By Olu Verheijen

COVID-19 has exacerbated the fragility of West African countries where population growth continues to outpace economic growth, relegating millions to extreme poverty. Further, pandemic-related shutdowns have muted global oil demand and, in turn, limited the measures that oil-dependent economies can implement to mitigate the effects of COVID-19.

Olu Verheijen

In Nigeria, the region’s largest economy, the unemployment rate is near 30%, and reduced revenue constrains the government’s capacity to provide relief to the more than 80 million people who live on less than $1/day. Facilitating broad-based economic growth for West African countries to achieve upper middle-income status has become even more difficult of a challenge.

Access to affordable and reliable energy is critical to the region’s development, and renewables— solar, wind and hydropower—will certainly play a role in West Africa’s energy mix.

However, the region’s abundant natural gas resources should underpin its energy system as natural gas can best provide the energy intensity needed for the next stage of West Africa’s development. Despite their constrained finances, governments should therefore double down on policies that encourage the development of natural gas energy systems. Infrastructure development, manufacturing, and industrialization are vital components of transitioning West Africa to an upper middle-income-region.

The growth rate of Africa’s manufacturing sector outpaced the rest of the world from 2005 to 2014.Ghana’s manufacturing sector alone grew at an average rate of 7% a year from 2015-2017. As manufacturing jobs continue to shift to Africa, the quality and affordability of power will determine the sector’s global competitiveness. Globally, the industrial sector constitutes 54% of energy consumption.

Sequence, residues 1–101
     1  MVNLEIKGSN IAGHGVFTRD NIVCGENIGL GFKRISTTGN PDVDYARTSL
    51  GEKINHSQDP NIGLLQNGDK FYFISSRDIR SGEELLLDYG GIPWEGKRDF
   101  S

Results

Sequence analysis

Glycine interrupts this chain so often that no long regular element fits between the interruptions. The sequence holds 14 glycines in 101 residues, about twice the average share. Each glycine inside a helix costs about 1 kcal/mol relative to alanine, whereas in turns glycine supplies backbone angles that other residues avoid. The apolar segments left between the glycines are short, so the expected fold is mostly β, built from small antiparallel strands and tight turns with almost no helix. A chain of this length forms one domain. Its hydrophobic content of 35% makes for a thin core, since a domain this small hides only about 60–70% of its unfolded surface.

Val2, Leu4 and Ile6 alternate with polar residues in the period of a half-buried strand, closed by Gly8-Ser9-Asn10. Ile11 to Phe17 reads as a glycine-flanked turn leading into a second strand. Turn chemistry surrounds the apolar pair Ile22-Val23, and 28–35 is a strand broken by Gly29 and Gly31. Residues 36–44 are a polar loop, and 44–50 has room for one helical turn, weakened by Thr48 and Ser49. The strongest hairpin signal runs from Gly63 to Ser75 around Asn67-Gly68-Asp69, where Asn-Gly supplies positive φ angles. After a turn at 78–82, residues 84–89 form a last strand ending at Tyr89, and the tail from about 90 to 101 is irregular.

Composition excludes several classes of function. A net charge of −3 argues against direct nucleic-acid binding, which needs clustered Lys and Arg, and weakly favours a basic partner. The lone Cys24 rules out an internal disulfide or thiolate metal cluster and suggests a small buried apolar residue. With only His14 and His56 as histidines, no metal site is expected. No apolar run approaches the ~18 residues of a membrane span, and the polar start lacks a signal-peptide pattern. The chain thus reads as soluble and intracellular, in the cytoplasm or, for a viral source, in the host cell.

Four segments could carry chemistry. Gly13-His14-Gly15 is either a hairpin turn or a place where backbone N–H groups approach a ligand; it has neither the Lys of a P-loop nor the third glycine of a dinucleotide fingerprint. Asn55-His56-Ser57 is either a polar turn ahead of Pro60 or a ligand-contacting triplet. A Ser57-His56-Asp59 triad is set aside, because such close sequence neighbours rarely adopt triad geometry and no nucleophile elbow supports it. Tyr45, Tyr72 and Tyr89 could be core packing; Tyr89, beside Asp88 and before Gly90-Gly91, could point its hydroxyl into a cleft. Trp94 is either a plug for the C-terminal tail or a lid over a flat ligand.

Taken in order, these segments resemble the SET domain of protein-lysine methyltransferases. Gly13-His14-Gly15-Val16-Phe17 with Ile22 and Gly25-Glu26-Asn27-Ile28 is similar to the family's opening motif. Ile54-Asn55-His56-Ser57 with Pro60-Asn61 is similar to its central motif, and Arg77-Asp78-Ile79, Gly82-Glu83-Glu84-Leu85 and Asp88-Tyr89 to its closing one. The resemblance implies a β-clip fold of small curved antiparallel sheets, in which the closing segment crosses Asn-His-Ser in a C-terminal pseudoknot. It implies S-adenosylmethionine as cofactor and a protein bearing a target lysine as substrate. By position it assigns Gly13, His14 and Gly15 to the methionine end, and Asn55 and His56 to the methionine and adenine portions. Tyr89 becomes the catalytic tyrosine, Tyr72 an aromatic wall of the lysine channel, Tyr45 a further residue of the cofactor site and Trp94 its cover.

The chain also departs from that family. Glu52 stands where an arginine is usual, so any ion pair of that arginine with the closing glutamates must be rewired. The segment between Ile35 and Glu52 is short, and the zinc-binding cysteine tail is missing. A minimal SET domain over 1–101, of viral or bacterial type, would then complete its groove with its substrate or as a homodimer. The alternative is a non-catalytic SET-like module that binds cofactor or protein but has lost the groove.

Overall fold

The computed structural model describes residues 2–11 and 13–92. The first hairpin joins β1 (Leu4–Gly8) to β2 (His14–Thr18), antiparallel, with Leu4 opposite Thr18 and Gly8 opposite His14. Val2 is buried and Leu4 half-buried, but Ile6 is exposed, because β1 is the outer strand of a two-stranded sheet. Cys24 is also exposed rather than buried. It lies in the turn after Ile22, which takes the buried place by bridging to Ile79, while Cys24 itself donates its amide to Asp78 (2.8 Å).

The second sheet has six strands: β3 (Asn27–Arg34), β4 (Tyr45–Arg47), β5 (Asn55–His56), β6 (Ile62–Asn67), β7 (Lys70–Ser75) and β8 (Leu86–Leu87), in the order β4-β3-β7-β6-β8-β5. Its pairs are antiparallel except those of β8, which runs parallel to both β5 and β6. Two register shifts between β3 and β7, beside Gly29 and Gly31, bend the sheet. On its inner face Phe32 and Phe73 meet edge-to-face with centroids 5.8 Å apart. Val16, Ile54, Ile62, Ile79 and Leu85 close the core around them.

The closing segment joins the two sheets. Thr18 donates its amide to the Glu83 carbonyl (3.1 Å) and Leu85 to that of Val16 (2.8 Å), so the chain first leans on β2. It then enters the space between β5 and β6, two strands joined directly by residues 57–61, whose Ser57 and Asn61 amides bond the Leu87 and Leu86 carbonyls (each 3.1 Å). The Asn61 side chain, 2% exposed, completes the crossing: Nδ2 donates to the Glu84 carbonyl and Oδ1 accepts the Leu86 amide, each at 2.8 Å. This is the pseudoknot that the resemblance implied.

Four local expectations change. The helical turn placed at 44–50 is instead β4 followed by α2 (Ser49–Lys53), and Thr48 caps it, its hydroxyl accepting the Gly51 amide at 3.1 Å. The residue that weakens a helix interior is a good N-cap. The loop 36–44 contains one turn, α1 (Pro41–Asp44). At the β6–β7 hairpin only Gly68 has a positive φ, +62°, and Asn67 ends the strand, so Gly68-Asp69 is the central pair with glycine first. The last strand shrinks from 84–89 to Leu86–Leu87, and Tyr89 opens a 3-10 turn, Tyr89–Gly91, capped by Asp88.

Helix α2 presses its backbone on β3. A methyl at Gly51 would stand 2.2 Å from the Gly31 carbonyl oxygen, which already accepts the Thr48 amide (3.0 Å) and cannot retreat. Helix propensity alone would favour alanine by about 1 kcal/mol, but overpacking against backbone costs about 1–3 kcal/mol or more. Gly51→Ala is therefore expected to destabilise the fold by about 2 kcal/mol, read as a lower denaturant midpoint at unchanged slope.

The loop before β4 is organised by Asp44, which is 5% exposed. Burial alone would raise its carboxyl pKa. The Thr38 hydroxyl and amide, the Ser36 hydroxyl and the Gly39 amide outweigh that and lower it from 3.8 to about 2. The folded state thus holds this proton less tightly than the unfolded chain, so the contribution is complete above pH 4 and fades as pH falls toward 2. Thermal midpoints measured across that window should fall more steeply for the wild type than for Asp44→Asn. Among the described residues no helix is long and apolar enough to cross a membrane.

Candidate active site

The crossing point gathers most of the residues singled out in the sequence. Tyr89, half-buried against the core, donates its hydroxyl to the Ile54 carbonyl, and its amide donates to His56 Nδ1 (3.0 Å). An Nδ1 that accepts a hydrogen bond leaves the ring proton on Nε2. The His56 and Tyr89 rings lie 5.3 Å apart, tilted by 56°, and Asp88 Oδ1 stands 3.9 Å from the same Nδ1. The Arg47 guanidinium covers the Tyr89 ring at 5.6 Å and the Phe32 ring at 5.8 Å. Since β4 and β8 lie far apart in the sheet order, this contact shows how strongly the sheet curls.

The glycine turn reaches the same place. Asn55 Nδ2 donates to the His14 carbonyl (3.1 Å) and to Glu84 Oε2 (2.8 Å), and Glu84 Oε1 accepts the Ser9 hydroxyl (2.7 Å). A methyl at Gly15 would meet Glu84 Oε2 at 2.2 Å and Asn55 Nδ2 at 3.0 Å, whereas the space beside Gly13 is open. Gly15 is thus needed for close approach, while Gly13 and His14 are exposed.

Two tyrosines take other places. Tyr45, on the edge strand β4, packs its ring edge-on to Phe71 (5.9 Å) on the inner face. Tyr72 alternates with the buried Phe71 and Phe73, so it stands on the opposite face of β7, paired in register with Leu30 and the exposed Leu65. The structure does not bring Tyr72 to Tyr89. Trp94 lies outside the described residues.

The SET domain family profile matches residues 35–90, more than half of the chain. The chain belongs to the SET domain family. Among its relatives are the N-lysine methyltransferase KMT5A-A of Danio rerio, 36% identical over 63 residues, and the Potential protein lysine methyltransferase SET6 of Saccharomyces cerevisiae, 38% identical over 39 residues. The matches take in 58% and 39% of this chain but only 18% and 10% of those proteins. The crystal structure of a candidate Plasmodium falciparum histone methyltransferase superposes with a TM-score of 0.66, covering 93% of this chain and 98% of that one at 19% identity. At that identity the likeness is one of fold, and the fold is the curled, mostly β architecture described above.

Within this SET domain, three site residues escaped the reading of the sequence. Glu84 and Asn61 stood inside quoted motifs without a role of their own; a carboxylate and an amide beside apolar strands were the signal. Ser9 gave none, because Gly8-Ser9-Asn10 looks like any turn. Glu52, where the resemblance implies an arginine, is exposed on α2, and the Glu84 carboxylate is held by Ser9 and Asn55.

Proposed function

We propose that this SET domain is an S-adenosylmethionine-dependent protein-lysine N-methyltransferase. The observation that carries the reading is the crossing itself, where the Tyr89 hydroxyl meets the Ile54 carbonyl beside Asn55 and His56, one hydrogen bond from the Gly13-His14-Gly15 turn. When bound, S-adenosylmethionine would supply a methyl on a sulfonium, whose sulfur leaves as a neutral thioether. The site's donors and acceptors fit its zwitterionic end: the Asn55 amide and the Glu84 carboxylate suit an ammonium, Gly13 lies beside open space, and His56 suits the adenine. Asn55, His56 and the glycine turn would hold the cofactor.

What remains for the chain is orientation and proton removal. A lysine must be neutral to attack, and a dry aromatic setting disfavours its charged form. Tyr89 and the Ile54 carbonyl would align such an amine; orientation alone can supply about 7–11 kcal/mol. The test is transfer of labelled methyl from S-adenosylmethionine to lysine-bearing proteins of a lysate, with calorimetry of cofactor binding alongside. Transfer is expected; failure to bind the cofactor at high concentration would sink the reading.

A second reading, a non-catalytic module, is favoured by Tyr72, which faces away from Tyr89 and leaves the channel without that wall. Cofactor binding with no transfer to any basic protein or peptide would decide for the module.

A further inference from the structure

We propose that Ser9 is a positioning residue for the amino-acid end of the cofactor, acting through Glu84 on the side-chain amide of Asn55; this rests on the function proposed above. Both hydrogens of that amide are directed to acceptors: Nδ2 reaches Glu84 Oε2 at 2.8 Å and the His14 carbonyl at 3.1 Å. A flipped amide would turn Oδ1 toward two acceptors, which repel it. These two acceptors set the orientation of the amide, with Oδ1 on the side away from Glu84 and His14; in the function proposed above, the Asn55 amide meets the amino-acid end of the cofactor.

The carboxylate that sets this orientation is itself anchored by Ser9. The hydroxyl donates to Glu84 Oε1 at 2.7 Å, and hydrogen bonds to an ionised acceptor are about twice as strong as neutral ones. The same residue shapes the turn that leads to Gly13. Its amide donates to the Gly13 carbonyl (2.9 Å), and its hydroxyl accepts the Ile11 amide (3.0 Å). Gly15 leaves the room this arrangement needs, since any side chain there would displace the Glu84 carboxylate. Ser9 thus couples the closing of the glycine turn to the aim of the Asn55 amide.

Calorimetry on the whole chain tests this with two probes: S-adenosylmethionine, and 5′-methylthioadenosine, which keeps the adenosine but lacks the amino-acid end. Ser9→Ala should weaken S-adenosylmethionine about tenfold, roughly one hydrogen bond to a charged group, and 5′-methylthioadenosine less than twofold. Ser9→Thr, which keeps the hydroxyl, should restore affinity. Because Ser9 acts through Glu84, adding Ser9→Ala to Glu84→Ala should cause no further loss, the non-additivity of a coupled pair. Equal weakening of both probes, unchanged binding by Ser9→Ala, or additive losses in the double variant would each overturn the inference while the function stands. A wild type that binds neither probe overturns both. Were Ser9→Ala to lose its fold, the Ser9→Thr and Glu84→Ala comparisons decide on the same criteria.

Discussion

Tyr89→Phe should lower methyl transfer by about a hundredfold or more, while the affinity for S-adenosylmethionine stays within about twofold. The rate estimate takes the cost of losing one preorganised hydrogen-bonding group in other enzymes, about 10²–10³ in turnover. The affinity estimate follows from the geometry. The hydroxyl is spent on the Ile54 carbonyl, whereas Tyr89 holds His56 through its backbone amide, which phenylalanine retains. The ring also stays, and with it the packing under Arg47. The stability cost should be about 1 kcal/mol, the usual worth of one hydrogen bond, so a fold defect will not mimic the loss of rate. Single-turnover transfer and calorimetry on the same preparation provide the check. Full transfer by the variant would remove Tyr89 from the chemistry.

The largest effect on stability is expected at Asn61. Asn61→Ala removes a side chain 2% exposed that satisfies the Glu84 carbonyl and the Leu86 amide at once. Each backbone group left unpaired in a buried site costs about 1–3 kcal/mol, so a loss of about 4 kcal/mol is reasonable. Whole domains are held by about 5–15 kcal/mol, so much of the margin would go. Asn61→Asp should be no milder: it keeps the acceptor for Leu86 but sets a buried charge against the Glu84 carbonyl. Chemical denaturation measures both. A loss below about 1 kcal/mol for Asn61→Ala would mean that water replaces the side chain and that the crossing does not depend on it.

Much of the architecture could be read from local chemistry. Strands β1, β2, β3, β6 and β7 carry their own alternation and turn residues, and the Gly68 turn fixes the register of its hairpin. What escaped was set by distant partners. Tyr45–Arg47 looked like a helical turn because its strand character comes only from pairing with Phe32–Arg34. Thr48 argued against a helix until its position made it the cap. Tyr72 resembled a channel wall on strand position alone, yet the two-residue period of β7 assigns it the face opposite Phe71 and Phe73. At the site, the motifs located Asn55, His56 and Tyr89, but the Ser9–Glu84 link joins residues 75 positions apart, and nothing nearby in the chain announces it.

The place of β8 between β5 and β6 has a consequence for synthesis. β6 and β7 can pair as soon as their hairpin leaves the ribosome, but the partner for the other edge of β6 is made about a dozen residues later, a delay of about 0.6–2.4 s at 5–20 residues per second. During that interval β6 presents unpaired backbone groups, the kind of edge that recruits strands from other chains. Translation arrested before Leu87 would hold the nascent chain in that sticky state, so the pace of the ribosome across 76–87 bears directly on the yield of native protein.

West Africa’s high costs of electricity, when adjusted for grid reliability and self-generation costs, remain an impediment to competitiveness. Electricity outages cost Gambian firms as much as 15% of their annual sales, for example. A natural gas dominated energy system in West Africa offers a credible pathway to millions of high paying jobs while still decarbonizing.

On a levelized cost basis, energy from combined-cycle natural gas turbines is more affordable than diesel and solar technologies when factoring in the cost of storage. In addition, natural gas plants are more than twice as reliable as solar plants and produce four times more energy per acre of land.

The footprint required for power generation will become increasingly crucial in urbanizing and highly decentralized energy markets like Nigeria. These qualities of natural gas plants make them perfectly suited to fuel the industrialization needed for the region’s economic development.

West Africa cannot achieve high economic growth rates by framing energy policy around household energy. For example, Nigeria’s recently unveiled Energy for All initiative provides households with solar units that can support a few light bulbs and minor appliances.